The iTree urban forest survey used 300 volunteers to analyse and count trees on the ‘services’ they provide from the carbon they store, the pollution they remove, and rainwater they hold. Trees remove 299 tonnes of PM10 and 698 tonnes of NO2 pollution across London annually.
Meanwhile, London Mayor Boris Johnson has announced a new partnership with Unilever which will deliver 40,000 new trees with 20,000 offered to London’s schools and 20,000 to create a new urban woodland in West London. Ealing's King George’s Field is being planted, organised by Trees for Cities.
Johnson said: "London is one of the greenest, leafiest cities on the planet and as this survey proves, our canopy does a ‘tree mendous’ job of lowering pollution, alleviating flood water and boosting our environment. I encourage as many schools as possible to sign up for a great array of free foliage and I look forward to seeing the new Ealing woodland take shape."
Charlotte Carroll, Unilever UK sustainability and communications director, said: "Trees are one of the most important defences in the fight against climate change and at Unilever we're working on this important issue through our brightFuture movement. We hope this partnership will help Londoners reconnect with their love of trees and we're delighted to be planting 40,000 trees to help create a more sustainable future."
Kate Sheldon, acting chief executive at Trees for Cities said: "This project demonstrates the powerful effect of bringing people together to plant trees. People of all ages love to plant a tree; it is great exercise, great fun, and makes such a difference to community spaces. The trees here in Ealing will help improve local air quality and create new wildlife habitat."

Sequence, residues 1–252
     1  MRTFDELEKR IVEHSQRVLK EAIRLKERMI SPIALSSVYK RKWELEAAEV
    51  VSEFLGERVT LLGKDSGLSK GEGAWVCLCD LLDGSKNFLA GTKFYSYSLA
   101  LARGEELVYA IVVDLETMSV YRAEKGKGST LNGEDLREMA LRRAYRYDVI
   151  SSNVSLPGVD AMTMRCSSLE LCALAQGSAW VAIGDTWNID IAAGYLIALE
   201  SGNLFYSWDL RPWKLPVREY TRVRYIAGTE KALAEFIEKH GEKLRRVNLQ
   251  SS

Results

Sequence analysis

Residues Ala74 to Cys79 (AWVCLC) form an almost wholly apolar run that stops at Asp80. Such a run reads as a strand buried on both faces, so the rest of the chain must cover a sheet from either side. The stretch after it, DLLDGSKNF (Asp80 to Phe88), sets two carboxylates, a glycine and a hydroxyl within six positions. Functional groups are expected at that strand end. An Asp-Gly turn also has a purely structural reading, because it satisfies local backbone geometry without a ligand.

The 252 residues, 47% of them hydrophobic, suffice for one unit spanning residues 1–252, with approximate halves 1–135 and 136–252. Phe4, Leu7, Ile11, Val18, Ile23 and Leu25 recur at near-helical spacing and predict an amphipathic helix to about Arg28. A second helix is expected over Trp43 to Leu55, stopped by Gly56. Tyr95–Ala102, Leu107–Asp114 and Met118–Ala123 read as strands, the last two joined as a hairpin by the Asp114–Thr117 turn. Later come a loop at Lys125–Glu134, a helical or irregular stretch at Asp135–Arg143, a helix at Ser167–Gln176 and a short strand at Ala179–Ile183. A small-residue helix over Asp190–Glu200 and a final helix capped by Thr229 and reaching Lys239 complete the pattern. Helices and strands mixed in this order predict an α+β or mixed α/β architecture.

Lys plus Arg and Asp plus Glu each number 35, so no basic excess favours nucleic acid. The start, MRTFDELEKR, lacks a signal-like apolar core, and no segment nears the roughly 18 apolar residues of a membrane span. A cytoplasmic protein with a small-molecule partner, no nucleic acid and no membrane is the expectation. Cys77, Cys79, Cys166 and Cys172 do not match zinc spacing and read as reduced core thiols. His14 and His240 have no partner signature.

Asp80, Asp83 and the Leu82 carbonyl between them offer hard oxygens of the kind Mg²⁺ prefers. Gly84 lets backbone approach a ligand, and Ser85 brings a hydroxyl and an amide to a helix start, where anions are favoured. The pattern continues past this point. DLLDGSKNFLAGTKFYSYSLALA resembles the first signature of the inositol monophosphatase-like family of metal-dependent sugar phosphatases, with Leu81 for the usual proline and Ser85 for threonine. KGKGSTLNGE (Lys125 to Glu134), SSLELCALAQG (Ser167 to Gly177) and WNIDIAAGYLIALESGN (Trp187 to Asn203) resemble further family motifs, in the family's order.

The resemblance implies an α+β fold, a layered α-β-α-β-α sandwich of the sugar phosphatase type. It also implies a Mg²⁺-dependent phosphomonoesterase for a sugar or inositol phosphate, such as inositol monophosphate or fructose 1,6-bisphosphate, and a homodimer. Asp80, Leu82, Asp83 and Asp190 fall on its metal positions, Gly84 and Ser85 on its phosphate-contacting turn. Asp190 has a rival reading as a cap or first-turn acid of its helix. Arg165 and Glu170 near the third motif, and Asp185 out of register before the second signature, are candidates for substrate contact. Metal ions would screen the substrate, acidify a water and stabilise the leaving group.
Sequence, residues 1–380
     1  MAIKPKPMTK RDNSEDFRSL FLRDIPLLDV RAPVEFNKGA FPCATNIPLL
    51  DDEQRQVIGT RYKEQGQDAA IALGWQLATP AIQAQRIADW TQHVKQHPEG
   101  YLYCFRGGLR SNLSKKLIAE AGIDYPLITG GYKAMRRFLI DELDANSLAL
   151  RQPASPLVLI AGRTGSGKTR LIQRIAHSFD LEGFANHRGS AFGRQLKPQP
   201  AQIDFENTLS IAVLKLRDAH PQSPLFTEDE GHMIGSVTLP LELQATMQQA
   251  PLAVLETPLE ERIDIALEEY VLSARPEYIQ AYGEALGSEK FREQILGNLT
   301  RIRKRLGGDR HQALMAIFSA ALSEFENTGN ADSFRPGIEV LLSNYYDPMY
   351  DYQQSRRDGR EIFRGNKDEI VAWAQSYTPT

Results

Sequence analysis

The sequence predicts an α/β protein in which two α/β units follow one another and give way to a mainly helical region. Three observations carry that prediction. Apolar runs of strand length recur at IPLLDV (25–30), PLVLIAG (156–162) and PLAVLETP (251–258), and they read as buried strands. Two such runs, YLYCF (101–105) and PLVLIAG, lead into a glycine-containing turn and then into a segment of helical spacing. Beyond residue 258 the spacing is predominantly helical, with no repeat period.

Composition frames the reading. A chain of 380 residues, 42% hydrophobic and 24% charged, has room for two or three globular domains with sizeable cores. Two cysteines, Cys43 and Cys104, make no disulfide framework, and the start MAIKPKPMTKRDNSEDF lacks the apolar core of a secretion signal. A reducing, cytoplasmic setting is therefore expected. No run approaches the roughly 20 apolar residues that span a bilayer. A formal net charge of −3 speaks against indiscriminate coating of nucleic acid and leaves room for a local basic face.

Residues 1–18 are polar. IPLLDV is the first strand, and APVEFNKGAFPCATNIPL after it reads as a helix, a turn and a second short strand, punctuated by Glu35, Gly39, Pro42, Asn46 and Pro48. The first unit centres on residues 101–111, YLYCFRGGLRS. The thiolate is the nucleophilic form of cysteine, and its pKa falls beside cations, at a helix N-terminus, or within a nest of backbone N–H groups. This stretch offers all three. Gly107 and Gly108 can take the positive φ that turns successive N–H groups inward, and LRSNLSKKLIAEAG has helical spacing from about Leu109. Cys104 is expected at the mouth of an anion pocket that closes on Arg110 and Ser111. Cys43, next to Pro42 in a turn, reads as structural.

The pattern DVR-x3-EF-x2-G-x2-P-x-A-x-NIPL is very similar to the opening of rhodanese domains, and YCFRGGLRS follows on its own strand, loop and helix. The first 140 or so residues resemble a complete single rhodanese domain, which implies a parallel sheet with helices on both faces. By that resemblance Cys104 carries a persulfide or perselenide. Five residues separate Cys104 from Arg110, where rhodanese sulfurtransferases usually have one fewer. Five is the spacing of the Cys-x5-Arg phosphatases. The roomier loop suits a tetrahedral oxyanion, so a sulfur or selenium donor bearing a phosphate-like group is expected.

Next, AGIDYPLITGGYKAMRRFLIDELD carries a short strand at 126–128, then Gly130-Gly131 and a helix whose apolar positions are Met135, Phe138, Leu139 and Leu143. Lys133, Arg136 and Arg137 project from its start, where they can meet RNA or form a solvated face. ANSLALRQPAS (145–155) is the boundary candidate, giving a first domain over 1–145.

The i-Tree survey, produced by the Mayor of London and The Forestry Commission and sponsored by Unilever, has found in London:
- storm water alleviation = 3,414,000m3 per annum worth £2.8 million
- carbon storage = 2,367,000t per annum worth £146.9 million
- pollution removal = 2241t per annum worth £126.1 million
- It would cost £6.1bn to replace all of London’s tree canopy
Craig Harrison, Forestry Commission London manager, said: "The i-Tree report tells us how many and what type of trees there are in London – and crucially, proves they deliver huge benefits such as cleaning the air and storing carbon. To ensure future generations receive these benefits and London grows sustainably, we all need to protect existing trees and plant new trees."
For the Love of Trees – London is a Greater London Authority partnership with Unilever UK to deliver 40,000 new trees and support activities relating woodlands.
London iTree survey is a partnership project including Forestry Commission, Greater London Authority, London Tree Officers Association, Trees for Cities, Tree Council, Natural England and Treeconomics.